Court Cases

‘Job Restructuring’ as a Reasonable Accommodation in Federal Employment

By on August 25, 2016 in Court Cases, Human Resources with 4 Comments

In the first of two articles on job restructuring as a reasonable accommodation, the author explores how managers ascertain what an employee’s essential functions of his or her job position are, how to restructure a job position to accommodate an employee, and explores some cases that shed light on how the EEOC and federal courts look at these issues.

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Poor Customer Service Leads to Removal

By on August 17, 2016 in Court Cases with 27 Comments
Poor Customer Service Leads to Removal

An IRS employee who cursed out a taxpayer in front of several witnesses could not persuade the court that his removal was unwarranted.

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The Adjudication of Attendance

By on August 14, 2016 in Court Cases, Human Resources with 46 Comments
The Adjudication of Attendance

The author says that it is a well established fact that managers have the right to establish standards for requiring employee attendance at work. He notes, however, that failure to enforce attendance requirements can result in further attendance problems and lower morale among employees. He says that supervisors should never be afraid to initiate the appropriate action when warranted and cites some cases as precedent for enforcing consistent attendance in the federal workplace.

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She Fought the Law and She Won

By on August 11, 2016 in Court Cases with 12 Comments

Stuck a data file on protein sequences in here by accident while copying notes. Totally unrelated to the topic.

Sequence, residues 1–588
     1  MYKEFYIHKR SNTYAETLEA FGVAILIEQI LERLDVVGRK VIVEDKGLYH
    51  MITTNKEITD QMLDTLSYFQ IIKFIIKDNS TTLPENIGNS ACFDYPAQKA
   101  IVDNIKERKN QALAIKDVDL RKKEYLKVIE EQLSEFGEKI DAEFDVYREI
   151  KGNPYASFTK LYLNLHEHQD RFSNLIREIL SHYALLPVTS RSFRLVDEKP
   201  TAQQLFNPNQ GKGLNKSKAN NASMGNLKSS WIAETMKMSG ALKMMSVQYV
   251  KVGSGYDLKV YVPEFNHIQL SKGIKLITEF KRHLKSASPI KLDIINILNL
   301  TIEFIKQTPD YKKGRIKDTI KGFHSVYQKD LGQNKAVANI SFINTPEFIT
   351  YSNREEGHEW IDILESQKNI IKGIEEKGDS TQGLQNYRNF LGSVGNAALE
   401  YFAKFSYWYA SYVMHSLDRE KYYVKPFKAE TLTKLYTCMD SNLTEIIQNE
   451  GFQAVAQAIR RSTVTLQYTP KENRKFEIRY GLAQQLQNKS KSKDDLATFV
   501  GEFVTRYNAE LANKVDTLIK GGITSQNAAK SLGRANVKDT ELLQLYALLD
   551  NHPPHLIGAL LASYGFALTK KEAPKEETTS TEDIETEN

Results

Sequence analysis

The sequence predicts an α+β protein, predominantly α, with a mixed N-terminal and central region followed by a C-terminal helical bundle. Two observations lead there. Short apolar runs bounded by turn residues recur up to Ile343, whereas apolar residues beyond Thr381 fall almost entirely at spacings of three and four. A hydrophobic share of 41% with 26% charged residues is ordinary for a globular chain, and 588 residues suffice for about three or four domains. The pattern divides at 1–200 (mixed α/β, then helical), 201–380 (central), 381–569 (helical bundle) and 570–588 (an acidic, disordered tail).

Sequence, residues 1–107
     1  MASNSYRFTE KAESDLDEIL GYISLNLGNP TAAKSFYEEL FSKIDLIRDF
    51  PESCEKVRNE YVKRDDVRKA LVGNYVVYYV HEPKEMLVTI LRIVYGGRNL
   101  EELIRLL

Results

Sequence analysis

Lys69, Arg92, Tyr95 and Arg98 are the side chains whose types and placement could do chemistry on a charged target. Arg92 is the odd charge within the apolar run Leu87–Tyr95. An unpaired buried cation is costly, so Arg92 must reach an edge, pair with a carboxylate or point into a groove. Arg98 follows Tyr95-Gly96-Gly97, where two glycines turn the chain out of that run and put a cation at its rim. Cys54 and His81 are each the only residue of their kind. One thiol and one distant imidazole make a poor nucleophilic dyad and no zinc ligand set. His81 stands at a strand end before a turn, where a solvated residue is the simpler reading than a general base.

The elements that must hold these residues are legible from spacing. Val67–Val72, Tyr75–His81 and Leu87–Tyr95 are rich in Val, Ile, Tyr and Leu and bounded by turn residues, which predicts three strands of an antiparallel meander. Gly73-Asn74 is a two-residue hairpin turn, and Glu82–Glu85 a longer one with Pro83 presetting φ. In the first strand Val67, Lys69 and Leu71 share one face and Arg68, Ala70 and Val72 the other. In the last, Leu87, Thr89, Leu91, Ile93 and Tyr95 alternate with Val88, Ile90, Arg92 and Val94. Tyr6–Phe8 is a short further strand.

A PhD candidate at University of Virginia fought back when the Defense Department ruled she did not qualify for the education reduced fee exemption under the FOIA and therefore would have to pay the full $900 due in fees for the agency’s efforts. She won at the influential U.S. Court of Appeals for the D.C. Circuit. She not only gets the reduced fee, her case sets a precedent that should affect how all agencies handle FOIA requests from students in the future.

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When Private Emails Are Official Government Records

By on August 9, 2016 in Court Cases with 284 Comments

A Federal appeals court has ruled that an agency head’s email records that are stored on a private, non-government server are nevertheless official agency records reachable by a Freedom of Information Act (FOIA) request.

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D.C. Circuit Court Rules Private Email Accounts Subject to FOIA

In a case of great significance for federal employees, the U.S. Court of Appeals for the D.C. Circuit overturned a lower court decision and ruled that “an agency cannot shield its records from search or disclosure” under the Freedom of Information Act (FOIA) “by the expedient of storing them in a private email account.” The author summarizes the case and what it means for federal workers.

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Don't Just Look For the Management Label

The appeals court agrees with the Merit Systems Protection Board that just because an HR Specialist had access to confidential personnel databases and was labeled a manager by her agency does not mean that she was in a management position or one that otherwise gave the Board jurisdiction over her adverse action (demotion) appeal.

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Fired Employee Convinces Court to Throw Out MSPB Decision

A DFAS (Defense Finance and Accounting Service) employee removed for being found ineligible for a sensitive position due to numerous outstanding debts won a reprieve from the federal appeals court when it threw out the decision of the Merit Systems Protection Board and sent the case back for another look.

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Mama Bear's Efforts to Save Her Son's Job Added Up to Nepotism

A Supervisory Patent Examiner who retired rather than be busted down to a non-supervisory position for the offense of nepotism was unable to persuade the Merit Systems Protection Board, and now the appeals court, to hear her case.

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Honesty is the Best Policy When it Comes to Security Clearance Forms

When filling out an SF86 form, you may face a steeper punishment than denial or revocation of your security clearance. A recent case highlights the repercussions dishonesty can create for federal employees who lie on this form.

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